There can be no doubt that this is a case in which the accident spoke for itself. Whether it was the duty of the Board or of the contractor to exercise the necessary care or skill over the construction of the beam, it is plain that that beam would not have come down had it been properly constructed and had there been no negligence. The fact that it did collapse raises a presumption of negligence which should have been disproved by the person who was under a duty to counteract the inference emanating from the nature of the accident. The defendants were not able to explain how the accident happened and, all that was stated by the Assistant Engineer D. W. 5 and by the Board in its written statement was that the beam suddenly collapsed. The presumption is that if there was no negligence, it could not have so collapsed, and so it became the duty of the defendants whoever was under the duty to produce it, to offer reasonable explanation for the accident. But neither the contractor or the Board offered any such explanation. The only explanation offered by the contractor was disbelieved and there was no other explanation the truth of which remained to be investigated.
8. In support of the argument preferred by Mr. Manjappa that the maxim res ipsa loquitur did not apply, he made two submission. The first was that the plaintiffs themselves came forward with a specific charge of negligence. He pointed out that in the plaint the accusation made against the defendant was that he employed inferior materials and that there was carelessness in the construction of the beam. But the fact that those allegations were made in the plaint does not exclude the application of the maxim if on the scrutiny of the evidence the court comes to the conclusion that the cause of the accident is unknown and if it accepts what was mentioned by the Board itself in its written statement that the accident was sudden. That would also be the position arising from the fact that the evidence of the Assistant Engineer D. W. 5 was believed.
9. The second submission of Mr. Manjappa rested on the decision of the court of appeal in Walsh v. Holst and Co. Ltd. 1958-3 All ER 33. But that decision far from supporting the postulate that the maxim res ipsa loquitur was inapplicable, makes it clear that to a case like the present one that maxim is clearly applicable. The pronouncement in that case in favour of the defendant was founded on the acceptance of the explanation by the defendant, who, it was pointed out, was under a duty to counteract the inference of negligence authorised by the maxim. I therefore do not accede to the contention that there was a misapplication of the maxim res ipsa loquitur by the District Judge.
10. The discussion so far made takes me to the other ground on which the decree of the District Judge was assailed by Mr. Manjappa and by Mr. Ramappa. During this branch of the argument, the endeavour made on behalf of the contractor was to transmit exclusive liability to the Board in the same way in which Mr. Ramappa, on behalf of the Board, attempted to maintain that the contractor and not the Board was liable to pay compensation. For the contractor, Mr. Manjappa asked attention to the relevant provisions of the agreement executed between the contractor and the State Government under which the contractor was under a duty to carry on the construction in obedience to directions and instructions which may be imparted to him from time to time by the Officers of the State Government. Clause 14 of the agreement reads:
'The contractor is bound to conform to all the legitimate instruction of the Superintendent/Chief Electrical Engineer or his authorised representative in respect of the above conditions or such other matters as may effect the safety and expedition of the work or safety of workmen, failing which that officer is empowered, after giving ten days notice in writing to take the work entirely into his own hands.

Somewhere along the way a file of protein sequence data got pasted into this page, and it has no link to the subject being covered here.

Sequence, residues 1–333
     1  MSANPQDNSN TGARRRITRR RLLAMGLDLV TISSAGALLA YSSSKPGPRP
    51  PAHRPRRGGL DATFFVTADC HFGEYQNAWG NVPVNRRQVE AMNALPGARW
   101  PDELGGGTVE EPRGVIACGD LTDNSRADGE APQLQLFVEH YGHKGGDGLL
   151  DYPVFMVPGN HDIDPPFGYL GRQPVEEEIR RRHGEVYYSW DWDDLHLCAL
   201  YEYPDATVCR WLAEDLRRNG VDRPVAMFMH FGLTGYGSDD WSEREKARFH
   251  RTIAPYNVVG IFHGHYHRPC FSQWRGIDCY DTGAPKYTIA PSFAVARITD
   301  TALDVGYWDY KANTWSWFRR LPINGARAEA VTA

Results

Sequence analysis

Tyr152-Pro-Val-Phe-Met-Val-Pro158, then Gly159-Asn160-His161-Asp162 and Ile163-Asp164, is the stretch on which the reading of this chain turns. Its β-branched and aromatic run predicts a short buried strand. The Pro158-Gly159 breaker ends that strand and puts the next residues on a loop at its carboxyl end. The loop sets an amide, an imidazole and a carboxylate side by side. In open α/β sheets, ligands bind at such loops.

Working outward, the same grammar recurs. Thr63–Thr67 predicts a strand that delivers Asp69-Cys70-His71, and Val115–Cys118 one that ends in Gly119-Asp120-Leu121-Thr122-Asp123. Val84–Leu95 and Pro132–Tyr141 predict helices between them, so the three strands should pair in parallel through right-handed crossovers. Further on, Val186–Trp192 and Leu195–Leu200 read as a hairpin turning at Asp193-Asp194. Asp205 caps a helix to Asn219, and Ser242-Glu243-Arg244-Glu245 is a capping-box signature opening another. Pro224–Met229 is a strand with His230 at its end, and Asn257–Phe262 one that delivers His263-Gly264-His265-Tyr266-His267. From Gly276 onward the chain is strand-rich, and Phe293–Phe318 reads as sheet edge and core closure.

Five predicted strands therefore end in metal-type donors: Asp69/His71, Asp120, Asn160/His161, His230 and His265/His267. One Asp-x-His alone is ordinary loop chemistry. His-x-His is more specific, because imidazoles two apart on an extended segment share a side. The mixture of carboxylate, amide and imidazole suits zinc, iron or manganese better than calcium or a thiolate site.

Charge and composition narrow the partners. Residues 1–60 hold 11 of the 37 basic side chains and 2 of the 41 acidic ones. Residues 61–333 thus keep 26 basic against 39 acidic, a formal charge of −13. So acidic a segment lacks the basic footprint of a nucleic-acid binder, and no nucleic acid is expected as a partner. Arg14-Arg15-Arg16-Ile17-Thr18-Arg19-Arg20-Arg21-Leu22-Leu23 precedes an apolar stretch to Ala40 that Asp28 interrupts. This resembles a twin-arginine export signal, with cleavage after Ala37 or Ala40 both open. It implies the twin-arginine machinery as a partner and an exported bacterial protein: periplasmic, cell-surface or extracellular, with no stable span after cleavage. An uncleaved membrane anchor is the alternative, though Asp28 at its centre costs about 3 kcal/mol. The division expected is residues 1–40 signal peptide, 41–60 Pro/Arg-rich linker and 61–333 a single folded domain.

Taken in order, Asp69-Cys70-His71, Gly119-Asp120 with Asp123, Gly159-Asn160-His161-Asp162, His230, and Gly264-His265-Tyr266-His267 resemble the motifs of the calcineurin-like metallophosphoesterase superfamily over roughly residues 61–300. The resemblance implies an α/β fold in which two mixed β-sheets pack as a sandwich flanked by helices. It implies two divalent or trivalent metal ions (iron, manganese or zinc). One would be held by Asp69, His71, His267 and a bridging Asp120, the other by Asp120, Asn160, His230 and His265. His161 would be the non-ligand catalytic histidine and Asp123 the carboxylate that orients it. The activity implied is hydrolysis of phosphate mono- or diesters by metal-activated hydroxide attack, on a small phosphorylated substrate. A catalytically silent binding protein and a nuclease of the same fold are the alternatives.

11. The principle to which Mr. Manjappa appealed on the foundation of this clause of the agreement was that defendant 1 was not an independent contractor and that the State Government whose place was taken by the Board and who gave instructions in obedience to which the beam was constructed, could alone be proceeded against for negligence. On the contrary, the competing postulate placed by Mr. Ramappa was that defendant 1 was an independent contractor who had undertaken the construction of the beam and on whom devolved sole and exclusive responsibility for the entire construction, and that the Board was not liable for the negligence of the contractor. The appeal made in support of this argument was to the rule that no other person is liable for the negligence of an independent contractor.
12. Now the maxim res ipsa loquitur raises a presumption of negligence. The question is whether the negligence which I should infer, is the negligence of the contractor or of the Board. It was urged for the contractor that so long as the construction of the beam was not under the sole and exclusive management of the contractor, the negligence of the contractor could not be presumed under the maxim and that what could be presumed is only the negligence of the Board. That conclusion is, according to Mr. Manjappa, what emerges from the decision of the Supreme Court in Municipal Corpn. of Delhi v. Subhagwanti, : 3SCR649 in which the question was whether the municipal corporation which owned a clock tower which collapsed was responsible for damages for loss of life caused by patent or latent defects. In the discussion of the question, the Supreme Court applied the maxim res ipsa loquitur, and observed that the normal rule was that plaintiff should prove negligence and that the maxim which was an exception to that rule became applicable 'where the circumstances surrounding the thing which causes the damages are at the material time exclusively under the control or management of the defendant or his servant and the happening is such as does not occur in the ordinary course of things without negligence on the defendant's part'.